Force and the United Nations

Originally posted at the Penn Political Review

United Nations Security Council
United Nations Security Council

As the international debate raged over intervention in Syria, one truth became increasingly clear—beneath all of the rhetoric, the international legal system is still run by Great Power politics.

The United Nations makes a grand effort at sovereign equality, or the notion that every state is an equal member, regardless of size, military strength, or economic clout. The United Nations General Assembly regularly issues advisory resolutions. In fact, they’ve passed over 11,000 resolutions since the UN founding in 1946.

However, despite the glitz and glamour and drama of the international diplomatic stage, the binding resolutions—those governing the legitimate use of force in the international arena—are in the hands of a much more elite clique. For questions of security, the issues are referred to the United Nations Security Council. As with the rest of the United Nations, the Security Council gives a symbolic nod to sovereign equality. Ten out of the fifteen council members serve two-year rotations in the prestigious forum. However, the temporary members are no more than a symbolic gesture—the true power resides with the five permanent members of the Security Council: China, France, the United Kingdom, the United States, and Russia.[1]

Each of the permanent members wields effective veto power over any potential vote or resolution. As a result, the permanent members always stopper the legal basis for an international intervention. Many countries in the international community believe that the only justifiable use of force is through Security Council consensus. This mindset was epitomized by Vladimir Putin’s recent opinion piece in the New York Times. Putin said,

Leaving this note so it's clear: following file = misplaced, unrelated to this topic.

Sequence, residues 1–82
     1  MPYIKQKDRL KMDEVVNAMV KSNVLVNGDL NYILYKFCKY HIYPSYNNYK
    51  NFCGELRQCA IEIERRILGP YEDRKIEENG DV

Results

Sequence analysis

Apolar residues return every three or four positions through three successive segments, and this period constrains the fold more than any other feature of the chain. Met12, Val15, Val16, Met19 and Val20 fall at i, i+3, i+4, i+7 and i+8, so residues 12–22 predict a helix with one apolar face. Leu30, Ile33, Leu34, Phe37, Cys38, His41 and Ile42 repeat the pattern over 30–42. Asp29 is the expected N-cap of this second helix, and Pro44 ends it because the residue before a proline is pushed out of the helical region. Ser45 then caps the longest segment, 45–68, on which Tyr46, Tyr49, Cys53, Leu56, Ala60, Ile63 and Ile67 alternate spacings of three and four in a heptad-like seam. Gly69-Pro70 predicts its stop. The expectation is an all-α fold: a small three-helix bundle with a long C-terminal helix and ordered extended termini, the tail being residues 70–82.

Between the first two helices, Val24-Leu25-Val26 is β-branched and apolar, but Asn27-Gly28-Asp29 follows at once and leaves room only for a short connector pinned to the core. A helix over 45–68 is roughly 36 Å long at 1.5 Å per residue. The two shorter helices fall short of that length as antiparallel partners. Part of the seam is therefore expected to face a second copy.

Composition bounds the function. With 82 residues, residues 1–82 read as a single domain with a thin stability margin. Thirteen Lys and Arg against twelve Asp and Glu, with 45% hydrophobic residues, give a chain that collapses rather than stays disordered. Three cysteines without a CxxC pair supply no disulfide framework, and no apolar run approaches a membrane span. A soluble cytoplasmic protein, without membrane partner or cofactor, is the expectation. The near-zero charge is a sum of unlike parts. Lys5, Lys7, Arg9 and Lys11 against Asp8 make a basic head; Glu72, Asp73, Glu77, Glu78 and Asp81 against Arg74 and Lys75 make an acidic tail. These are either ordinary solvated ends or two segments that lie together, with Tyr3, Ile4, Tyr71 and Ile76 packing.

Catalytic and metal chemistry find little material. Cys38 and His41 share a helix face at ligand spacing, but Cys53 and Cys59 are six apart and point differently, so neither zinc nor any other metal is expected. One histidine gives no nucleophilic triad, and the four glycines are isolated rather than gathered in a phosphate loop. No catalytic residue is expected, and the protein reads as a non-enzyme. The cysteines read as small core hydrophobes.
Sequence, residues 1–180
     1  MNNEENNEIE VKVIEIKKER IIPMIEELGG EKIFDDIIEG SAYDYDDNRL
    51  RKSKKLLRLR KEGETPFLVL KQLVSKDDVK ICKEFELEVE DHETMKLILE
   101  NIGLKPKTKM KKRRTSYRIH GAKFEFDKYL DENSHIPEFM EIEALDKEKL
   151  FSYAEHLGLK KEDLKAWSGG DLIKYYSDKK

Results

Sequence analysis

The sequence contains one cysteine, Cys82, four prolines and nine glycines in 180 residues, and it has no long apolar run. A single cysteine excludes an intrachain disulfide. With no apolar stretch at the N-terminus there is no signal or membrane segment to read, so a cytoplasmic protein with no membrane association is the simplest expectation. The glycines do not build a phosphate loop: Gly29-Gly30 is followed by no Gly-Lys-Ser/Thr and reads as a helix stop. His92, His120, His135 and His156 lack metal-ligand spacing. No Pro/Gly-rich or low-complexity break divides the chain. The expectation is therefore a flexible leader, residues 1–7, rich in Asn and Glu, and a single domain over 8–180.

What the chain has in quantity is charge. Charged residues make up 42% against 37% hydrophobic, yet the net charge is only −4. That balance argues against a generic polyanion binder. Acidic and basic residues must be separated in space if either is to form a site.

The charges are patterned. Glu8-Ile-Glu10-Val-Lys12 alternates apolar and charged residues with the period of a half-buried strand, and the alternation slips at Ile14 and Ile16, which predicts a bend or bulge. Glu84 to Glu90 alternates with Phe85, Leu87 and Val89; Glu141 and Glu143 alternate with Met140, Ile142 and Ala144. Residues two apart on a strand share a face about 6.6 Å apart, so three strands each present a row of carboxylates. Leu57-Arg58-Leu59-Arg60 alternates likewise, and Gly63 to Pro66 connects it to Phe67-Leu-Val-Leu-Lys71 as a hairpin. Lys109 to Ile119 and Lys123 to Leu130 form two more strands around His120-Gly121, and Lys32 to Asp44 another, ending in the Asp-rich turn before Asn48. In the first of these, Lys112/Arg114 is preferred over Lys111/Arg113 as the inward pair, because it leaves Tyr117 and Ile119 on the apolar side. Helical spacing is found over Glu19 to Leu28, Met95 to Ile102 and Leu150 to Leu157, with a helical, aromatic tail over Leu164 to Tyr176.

“We need to use the United Nations Security Council and believe that preserving law and order in today’s complex and turbulent world is one of the few ways to keep international relations from sliding into chaos. The law is still the law, and we must follow it whether we like it or not. Under current international law, force is permitted only in self-defense or by the decision of the Security Council. Anything else is unacceptable under the United Nations Charter and would constitute an act of aggression.” (emphasis added)

According to Putin, the only way for a country or international coalition to use force (short of suffering direct aggression) is to work through the Security Council. In other words, these five powerful Security Council members have total control over the legitimate use of force in the international system.

As we enter the 21st century, the permanent members have resisted all calls to reshape the current Security Council power structure, and there are no signs of any significant change in the foreseeable future.Thus, despite the rhetoric of the equality principle, in practice, the United Nations is still governed by a realist power structure. Legitimate force remains subject to the will of the most powerful states, and the most powerful states alone. In today’s system, “might” selects when force is legitimately “right.”

[1] These countries were the Great Power victors following World War II. The defeated Great Powers, Japan and Germany, are noticeably absent.

Image courtesy of François Proulx on Flickr.


About Brian Mund

UPenn '13; YLS '18. My research focuses on sovereignty, the United Nations and the legitimacy of secession.
This entry was posted in Politics and tagged , , , . Bookmark the permalink.

Leave a Reply

Please log in using one of these methods to post your comment: Logo

You are commenting using your account. Log Out /  Change )

Google+ photo

You are commenting using your Google+ account. Log Out /  Change )

Twitter picture

You are commenting using your Twitter account. Log Out /  Change )

Facebook photo

You are commenting using your Facebook account. Log Out /  Change )


Connecting to %s